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The Status Of Afro-Americans At The Turn Of The 20th Century - Essay Example

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At the turn of the twentieth century, despite equal rights as citizens, the Afro-American community ( 95 % of which was in the Southern States), faced a sharp economic and political divide. (Kelley & Lewis 347)…
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The Status Of Afro-Americans At The Turn Of The 20th Century
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Assignment Change in the status of Afro-Americans at the turn of the 20th Century At the turn of the twentieth century, despite equal rights as citizens, the Afro-American community ( 95 % of which was in the Southern States), faced a sharp economic and political divide. (Kelley & Lewis 347). As the sharecropping community of African American farmers were gradually pushed out by white farmers, a phenomenon of urban migration began to the cities of the North – New York, Philadelphia and Chicago (the Great Migration 1916-17). A new trend began in American society, that of racial segregation into ghettos. (Kelley & Lewis 356). Meanwhile as lynchings in the South continued well into the first few decades, racial violence spread into the cities too with organizations like the Ku Klux Klan infiltrating the northern cities.
The events and trends that signalled a change from the 1900s onwards was an increased impetus for community building for Afro-Americans : churches, businesses, schools, clubs and lodges (Kelley & Lewis 366). The Church in particular became an important part of Afro-American community life, and the focus for political activism and intellectual leadership that would proliferate over the coming decades. The other important phenomenon was the growth of the Afro-American womens club movement, as the ranks of the National Association of Colored women (NACW) grew to 100,000 by 1920 from only 5,000 in the late 1890s. (Kelley & Lewis 369). In the meantime, Afro-American business networks grew too in size and stature, as an important source of funding for future activism.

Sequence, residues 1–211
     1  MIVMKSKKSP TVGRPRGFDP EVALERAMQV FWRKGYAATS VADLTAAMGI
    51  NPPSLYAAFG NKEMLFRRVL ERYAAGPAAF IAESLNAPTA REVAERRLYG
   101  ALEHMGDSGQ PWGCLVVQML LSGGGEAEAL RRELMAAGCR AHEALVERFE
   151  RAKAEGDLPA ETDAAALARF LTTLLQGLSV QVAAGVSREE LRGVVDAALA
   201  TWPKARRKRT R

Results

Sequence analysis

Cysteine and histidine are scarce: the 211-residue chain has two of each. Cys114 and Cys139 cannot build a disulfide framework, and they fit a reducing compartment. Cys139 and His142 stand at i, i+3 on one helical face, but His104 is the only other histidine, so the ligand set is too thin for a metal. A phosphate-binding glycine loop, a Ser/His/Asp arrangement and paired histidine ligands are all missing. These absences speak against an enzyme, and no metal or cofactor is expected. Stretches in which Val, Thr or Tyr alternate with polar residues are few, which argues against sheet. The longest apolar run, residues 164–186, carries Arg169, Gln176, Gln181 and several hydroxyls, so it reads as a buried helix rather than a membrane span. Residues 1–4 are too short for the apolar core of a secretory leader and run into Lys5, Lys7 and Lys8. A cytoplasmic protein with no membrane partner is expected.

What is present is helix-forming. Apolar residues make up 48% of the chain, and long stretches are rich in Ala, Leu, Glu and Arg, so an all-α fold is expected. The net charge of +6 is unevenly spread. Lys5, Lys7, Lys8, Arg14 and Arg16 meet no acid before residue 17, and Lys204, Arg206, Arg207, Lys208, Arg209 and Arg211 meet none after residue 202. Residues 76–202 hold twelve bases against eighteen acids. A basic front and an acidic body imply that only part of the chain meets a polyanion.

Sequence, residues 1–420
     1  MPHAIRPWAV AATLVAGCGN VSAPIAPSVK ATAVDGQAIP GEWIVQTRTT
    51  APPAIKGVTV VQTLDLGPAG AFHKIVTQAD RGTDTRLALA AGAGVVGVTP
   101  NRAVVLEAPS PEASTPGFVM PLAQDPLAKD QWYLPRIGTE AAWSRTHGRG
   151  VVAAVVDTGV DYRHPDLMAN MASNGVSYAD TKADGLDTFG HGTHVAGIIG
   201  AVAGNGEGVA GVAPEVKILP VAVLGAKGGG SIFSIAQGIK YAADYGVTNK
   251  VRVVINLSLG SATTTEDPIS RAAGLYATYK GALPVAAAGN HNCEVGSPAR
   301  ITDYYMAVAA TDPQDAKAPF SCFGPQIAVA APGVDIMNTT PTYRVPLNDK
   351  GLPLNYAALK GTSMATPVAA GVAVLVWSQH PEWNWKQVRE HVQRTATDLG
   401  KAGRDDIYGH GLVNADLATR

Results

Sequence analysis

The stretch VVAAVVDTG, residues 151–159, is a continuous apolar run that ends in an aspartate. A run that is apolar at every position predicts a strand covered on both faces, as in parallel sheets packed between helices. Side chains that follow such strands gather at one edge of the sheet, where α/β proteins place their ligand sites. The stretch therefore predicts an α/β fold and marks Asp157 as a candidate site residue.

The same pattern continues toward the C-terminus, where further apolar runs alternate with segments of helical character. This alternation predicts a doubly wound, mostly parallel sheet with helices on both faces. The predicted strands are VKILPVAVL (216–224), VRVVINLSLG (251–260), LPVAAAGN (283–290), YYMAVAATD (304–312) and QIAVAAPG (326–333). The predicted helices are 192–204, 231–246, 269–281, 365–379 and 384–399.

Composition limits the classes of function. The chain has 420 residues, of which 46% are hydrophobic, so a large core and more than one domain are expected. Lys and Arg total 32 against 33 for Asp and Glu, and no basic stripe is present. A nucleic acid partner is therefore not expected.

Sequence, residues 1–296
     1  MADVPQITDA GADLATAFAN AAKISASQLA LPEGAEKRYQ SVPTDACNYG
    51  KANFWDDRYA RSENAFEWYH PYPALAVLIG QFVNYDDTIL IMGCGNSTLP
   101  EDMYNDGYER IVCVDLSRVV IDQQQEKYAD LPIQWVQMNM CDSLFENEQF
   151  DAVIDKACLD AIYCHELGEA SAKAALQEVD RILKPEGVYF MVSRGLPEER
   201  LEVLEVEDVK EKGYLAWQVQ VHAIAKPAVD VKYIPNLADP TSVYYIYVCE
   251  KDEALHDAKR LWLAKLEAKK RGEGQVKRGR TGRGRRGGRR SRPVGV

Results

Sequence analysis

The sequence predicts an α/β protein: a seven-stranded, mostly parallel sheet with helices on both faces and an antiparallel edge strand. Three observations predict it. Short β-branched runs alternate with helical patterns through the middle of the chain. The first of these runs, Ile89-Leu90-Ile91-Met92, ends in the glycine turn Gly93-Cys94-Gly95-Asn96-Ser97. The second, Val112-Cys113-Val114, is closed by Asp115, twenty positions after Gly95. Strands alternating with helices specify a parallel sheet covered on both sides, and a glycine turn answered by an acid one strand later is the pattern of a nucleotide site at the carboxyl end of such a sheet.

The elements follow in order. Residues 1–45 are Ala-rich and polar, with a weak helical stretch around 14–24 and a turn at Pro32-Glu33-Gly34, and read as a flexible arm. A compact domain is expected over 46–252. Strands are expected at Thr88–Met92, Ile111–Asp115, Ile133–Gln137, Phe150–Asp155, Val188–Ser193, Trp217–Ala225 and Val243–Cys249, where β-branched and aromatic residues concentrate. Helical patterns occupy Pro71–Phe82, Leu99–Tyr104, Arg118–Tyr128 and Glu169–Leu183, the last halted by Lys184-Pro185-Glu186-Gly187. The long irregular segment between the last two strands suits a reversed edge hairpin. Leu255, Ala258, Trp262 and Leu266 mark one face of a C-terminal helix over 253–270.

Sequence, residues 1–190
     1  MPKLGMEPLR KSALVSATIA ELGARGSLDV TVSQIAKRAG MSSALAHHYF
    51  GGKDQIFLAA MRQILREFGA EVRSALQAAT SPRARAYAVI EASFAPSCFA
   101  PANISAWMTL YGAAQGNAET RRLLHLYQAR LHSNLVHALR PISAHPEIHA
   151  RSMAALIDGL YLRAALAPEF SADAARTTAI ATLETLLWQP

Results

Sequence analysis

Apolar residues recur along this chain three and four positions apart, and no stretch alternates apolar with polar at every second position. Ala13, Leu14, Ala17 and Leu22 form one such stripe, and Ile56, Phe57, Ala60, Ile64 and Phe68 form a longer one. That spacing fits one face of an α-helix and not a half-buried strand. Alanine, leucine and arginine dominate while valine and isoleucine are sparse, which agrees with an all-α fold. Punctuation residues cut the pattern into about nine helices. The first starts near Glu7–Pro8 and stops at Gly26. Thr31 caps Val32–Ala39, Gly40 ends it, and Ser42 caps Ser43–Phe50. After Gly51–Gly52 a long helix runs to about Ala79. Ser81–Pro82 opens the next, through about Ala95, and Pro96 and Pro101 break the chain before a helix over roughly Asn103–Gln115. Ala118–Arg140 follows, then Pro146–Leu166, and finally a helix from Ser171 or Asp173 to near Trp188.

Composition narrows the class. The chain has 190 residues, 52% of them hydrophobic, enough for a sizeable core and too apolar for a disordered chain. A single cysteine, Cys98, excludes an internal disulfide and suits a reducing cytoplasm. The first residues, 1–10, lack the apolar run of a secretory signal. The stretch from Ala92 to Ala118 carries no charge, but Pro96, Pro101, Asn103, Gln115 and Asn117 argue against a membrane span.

Afro-American society saw a sharp turn to socialist and unionist politics in the 1920s, as deeply "black" nationalistic radical politics began taking roots. (Kelley & Lewis 404). Harlem for instance was an important centre for Afro-American nationalism, and the first organisation to make a real impact was Marcus Garveys Universal Negro Improvement Association (UNIA). Spread across 36 states and a commercial success in its business ventures, including a steamship company, the Black Star Line, it set a positive example for racial pride and economic self-sufficiency. (Kelley & Lewis 407). It is still the largest African-American mass movement seen in the United States.
Education was another area where a change was visible after the turn of the twentieth century. Against the widespread prevalent notion that white children were somehow cleverer than Afro-American children there was a huge disparity in the allocation of tax payers money even for racially segregated schools. Education for the Afro-American community was deemed totally unnecessary in the Southern States as the white view was that Afro-American children were needed in the fields rather than classrooms. (Kelley & Lewis 376). However throughout the 1910 decade onwards, thousands of Afro-American public schools were constructed in the South utilizing community labour and funds from the Chicago philanthropist Julius Rosenwald (president of Sears, Roebuck and Company) amongst others. The school movement denoted a seismic shift in Afro-American community organization at the turn of the twentieth century, as it ushered in the large scale entrance of Afro-Americans into American middle-class life : as lawyers, teachers, doctors, social workers, publishers. (Kelley & Lewis 377). It ushered in an era of mass literacy and the rise of an exclusive Afro-American press and newspapers. It laid the foundations for political activism and the civil rights movement that would take the American nation through turmoil in the years to come.
To Make Our World Anew: A History of African Americans. Robin D. G. Kelley, Earl Lewis; Oxford University Press, (2000). Read More
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